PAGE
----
There is no question that a child who is difficult, or a teenager who is defiant, has an effect on the entire family.
I am going to show you how it affected my family and what I believe are three ways to alleviate or resolve the problem. I’m not a therapist, but I am a mother of three sons, who has been through the teenage years, and still has one at home (until next week, when my sixteen-year-old leaves for NMMI. More on that in my next post on Monday August 2nd.)
When my oldest son turned thirteen, he started dating girls with their own set of problems. As a mother new to, and not happy with the idea of her son dating, I discovered that a girlfriend’s psychological problems, would become my own, or at least affect my family. This is what happened, and I never expected it.
- lacked parental supervision, guidance and support
- had the “rescue me mentality,”
- latched onto my son for attention.
I felt stuck in the middle, wondering if I should help the girlfriends, feel sorry for both of them that their divorced parents didn’t seem to care, or take care of my family. I wanted to do all three. I soon learned that taking care of my son, my relationship with my husband and my two younger sons, was the most important thing I could do.
After a couple of stressful years, feeling uncomfortable in my own house, I realized my husband and I were giving more attention to the problem child (something most parents do) while his brothers received leftover attention. My middle son, who thrived on a peaceful environment, spent more time at his friends’ house on weekends than at home, and our youngest spent more time playing video games.
There are many different ways to handle a problem child, or a defiant teenager and I’m sure a behavior therapist can help with each individual situation. There are of course varying degrees, depending on the child’s issues.
This is what worked for us:
- Talk with a therapist who specializes in child/teenager problems.
- Pull your child/teenager out of the environment/situation. Change schools in your neighborhood if necessary, pull the child away from the problem.
- Try to resolve the problem as a family. Make the child, teenager feel you love him enough to do whatever it takes and want him to be part of the family.
So how did we resolve our problems? In or case, after therapy and a tough love program with our son, we took a very unique approach: we moved the entire family to live a simple life in Belize, Central America. This decision was not just spontaneous, but based on our research, wanting to challenge our kids to grow by living a very different life than the easy, materialistic one they were familiar with. My husband and I also desired adventure and change.
I am always happy to listen to your stories, suggestions and comments.
Good tips. I do think that asking for professional help if you can't cope is something people should do earlier rather than later…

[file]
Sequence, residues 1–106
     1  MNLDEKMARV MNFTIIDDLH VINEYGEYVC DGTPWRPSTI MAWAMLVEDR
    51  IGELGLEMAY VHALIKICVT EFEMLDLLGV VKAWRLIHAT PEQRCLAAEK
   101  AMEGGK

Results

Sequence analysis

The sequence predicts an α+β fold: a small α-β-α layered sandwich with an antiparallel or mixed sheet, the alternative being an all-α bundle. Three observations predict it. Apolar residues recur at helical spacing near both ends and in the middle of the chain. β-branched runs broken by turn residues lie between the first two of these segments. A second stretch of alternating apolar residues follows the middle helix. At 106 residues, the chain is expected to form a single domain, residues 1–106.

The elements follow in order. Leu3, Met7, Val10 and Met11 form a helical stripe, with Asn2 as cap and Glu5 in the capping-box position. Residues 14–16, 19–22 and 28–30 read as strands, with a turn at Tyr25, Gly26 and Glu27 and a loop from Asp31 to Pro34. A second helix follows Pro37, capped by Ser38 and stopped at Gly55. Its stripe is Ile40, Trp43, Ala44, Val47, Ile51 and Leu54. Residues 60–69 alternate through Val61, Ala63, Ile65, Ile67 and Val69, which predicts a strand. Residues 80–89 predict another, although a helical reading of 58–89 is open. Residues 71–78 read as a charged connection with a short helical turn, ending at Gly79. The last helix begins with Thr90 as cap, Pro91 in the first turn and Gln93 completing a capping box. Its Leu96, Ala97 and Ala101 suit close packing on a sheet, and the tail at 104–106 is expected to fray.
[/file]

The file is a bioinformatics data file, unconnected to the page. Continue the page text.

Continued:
You gave some good advice here. I hope some parents with young kids will take it. Especially the part about removing your child from the situation. VERY important. Often kids are not strong enough to do this themselves and the parents have to step up. Even if they will be angry with the parents at first, they will thank them later.
I agree with you.
Too many girls are without good male role model > the father.
Parents should be adults and behave like that.
Kids are not toys. They have feelings and a future. They remember.
We all want to be loved.
Simple as that…
Yes, we reached a point where we needed the advice of a therapist specializing in teenage behavior.
Thanks for yourcomment. I didn't realize how important "taking your kid away" from a bad situation is.
I agree with you about parents needing to act like parents, even if their own life is difficult.
Hard work and gutsy moves, Sonia.
Thinking creatively in family; getting help when you need it; being ready to do "what it takes" to get life back on the tracks.
Your advice is good and it seems that you did many things right when confronted with a problem. You made the decision of being a parent instead of trying to be a friend.
Groovy Baby Blog says
Hi Sonia, Thank You so much for visiting Our blog, I hear Belize Is a beautiful place and I think you did the most awesome decision.
Mountain Thyme says
I am wondering, as you don't say in your post, did the move to Belize help solve the problem for your oldest child? How did the others in the family cope with such a drastic move?
We moved around so much when I had children and teenagers that I did consult experts about how to handle the moves with these children. It has been shown that male children do worse in these situations than females. All I know is that these moves did affect the personalities of both my children. And, I often wonder "who" they would be with deep "roots" somewhere.
You know it might be easier to do this when you've spent your life moving from one country to another.
I think you are so right. Kids still want parents to be parents.
Yes, there are parts of Belize, especially Ambergris Caye and Caye Caulker that are stunning.
Yes, my oldest is a fine young man with a degree in engineering. It worked. I believe kids learn independence through travel and the more they see the world, the more they learn to think differently about day-to-day situations. Do you think your kids suffered from their moves? Also curious where you saw that male kids do worse?
Ballerina Girl says
Thanks for retelling your story…it is good to hear what problems/solutions different people find.
Phivos Nicolaides says
Sharon Colaco D'Souza says
Those are excellent tips! My daughter is a pre schooler and your post made me wonder – gosh! she's going to grow into a teenager..and then i will have to probably go through the most difficult phase of our lives:)